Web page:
It is a flagitious shame for any Christian to allow himself to be truly mastered and swayed by passions bent on the quest of material things, and to make it the object of his life to lay up treasures of material goods. Material goods ought to be considered means of enabling us to live on the earth, and not the final purpose of our life. The final purpose of our life ought to be the acquisition of divine virtue. “For where our treasure is, there will our heart be also.” If our treasure be of a material nature, our heart too will be of a material nature and grossly bestial. But if our treasure be a heavenly one and of a celestial nature, or of an immaterial nature, our heart too will also be free to roam the realm of heaven, instinct with divine senti­ments and alive to the charms of heaven. As a result of the foregoing analy­sis, we are now in a position to deduce the following propositions as corollaries thereof:

1) That we ought to forgive those who trespass against us, or offend us, not merely seven times but even seventy-seven times, provided they repent and ask us to forgive them, in order that we too may be pardoned by God when we offend Him and repent, for this is a law of justice and of righteousness.

2) That the motive behind every action of ours ought to be a pure and holy one, and its purpose a divine one, so that our acts may bear the stamp of morality and be virtuous.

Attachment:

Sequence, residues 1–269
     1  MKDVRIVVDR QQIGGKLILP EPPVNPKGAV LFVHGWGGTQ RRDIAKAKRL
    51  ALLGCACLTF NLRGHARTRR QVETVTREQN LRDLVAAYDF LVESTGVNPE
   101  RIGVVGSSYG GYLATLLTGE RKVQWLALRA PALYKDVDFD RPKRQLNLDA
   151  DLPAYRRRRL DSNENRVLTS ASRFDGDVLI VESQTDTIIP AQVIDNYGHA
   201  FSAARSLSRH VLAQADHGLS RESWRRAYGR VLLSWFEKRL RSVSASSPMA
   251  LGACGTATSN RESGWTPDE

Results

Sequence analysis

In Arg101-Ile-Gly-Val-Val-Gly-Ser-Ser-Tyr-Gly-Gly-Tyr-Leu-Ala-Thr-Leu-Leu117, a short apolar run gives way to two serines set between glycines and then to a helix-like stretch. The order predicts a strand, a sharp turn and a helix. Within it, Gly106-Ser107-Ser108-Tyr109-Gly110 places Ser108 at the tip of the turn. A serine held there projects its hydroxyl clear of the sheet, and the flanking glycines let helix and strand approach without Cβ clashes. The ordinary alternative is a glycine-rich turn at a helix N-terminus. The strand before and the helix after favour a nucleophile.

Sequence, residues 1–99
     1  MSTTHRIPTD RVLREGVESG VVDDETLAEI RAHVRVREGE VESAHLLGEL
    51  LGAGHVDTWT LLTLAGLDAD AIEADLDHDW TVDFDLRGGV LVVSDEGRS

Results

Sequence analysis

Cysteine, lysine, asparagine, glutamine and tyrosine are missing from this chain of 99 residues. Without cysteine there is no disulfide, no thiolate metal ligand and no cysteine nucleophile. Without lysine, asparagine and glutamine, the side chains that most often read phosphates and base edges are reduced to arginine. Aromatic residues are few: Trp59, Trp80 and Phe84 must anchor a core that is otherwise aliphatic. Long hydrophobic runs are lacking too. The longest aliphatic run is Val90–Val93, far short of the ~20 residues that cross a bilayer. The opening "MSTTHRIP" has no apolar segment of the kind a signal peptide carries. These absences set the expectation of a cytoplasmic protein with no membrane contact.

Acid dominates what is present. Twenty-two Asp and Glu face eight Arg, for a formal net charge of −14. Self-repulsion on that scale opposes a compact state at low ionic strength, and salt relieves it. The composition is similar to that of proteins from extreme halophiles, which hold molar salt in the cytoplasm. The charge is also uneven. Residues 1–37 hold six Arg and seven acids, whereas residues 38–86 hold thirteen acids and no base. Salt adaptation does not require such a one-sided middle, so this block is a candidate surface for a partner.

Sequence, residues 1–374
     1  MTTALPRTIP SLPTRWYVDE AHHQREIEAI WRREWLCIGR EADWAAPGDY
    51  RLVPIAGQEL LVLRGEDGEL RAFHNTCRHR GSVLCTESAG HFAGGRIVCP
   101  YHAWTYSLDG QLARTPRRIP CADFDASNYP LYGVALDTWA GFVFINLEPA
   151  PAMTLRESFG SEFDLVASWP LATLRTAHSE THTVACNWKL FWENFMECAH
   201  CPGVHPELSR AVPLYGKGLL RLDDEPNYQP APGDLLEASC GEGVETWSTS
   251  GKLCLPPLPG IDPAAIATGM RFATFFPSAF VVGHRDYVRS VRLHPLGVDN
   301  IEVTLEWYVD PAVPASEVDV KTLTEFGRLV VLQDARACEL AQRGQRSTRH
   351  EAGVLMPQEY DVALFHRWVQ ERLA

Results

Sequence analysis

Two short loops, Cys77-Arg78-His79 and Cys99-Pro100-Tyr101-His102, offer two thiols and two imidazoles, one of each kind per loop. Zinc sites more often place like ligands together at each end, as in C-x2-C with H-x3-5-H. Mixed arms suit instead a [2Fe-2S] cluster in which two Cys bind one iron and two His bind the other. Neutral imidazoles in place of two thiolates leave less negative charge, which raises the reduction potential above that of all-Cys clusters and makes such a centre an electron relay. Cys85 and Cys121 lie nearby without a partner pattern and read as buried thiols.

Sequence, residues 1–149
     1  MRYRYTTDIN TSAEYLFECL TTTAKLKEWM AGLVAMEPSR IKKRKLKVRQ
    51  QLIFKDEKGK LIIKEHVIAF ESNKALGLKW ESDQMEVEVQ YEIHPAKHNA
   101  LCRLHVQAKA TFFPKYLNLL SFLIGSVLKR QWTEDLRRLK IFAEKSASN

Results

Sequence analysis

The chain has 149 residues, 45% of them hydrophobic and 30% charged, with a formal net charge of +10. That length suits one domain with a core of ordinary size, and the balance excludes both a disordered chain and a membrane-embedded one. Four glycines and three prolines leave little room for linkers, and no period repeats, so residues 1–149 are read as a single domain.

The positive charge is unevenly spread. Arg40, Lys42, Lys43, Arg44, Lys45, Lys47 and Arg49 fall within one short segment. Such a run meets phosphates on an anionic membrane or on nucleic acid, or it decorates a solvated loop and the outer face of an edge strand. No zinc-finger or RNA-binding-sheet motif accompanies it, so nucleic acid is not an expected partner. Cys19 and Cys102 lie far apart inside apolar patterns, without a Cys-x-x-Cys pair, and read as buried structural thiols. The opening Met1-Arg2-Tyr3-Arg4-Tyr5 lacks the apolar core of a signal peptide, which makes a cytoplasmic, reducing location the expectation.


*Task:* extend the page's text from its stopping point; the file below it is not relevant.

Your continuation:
3) That the object and aim of our life ought to be the acquisition of virtue in God, and not destructible material wealth; in any case it ought not to be to lay up treasures of vain material goods. Virtue is the true inalienable wealth that cannot be taken away; that which is good for us and which brings us true happiness. In fact, we were created for virtue and truth, and therefore we ought by all means to concentrate on the pursuit of truth and of virtue as the utmost good of our intellect and heart. For it is in the enjoyment of this treasure that life and happiness consist, as does also our blissfulness, or blessedness. Blessed, indeed, are they who become possessors of this true treasure which is inalienable and irremovable and imperishable and indestructible and everlasting. O my soul, become thou a lover and admirer, a zealot, a desirer of this heavenly treasure, and pursue thou the acquisition of it! Take thou care lest anything of a material or of a vain nature become the aim and object of thine activities and actions, whether it be inane glory, or love of sensual pleasure, or love of money, or avarice, or any other vain conceit or will-o’-the wisp. Let the divine virtue of Jesus by all means be thine ideal and thy model for imitation. Therein look thou soundly and sanely, and pattern thyself after the similitude thereof, with perfect confidence that there is nothing in the world more precious, more lovely, more admirable, or more valuable than is virtue possessed and exercised according to the precepts and the example of Christ; and for the sake thereof one ought to be ready and willing to sacrifice even one’s life of the body.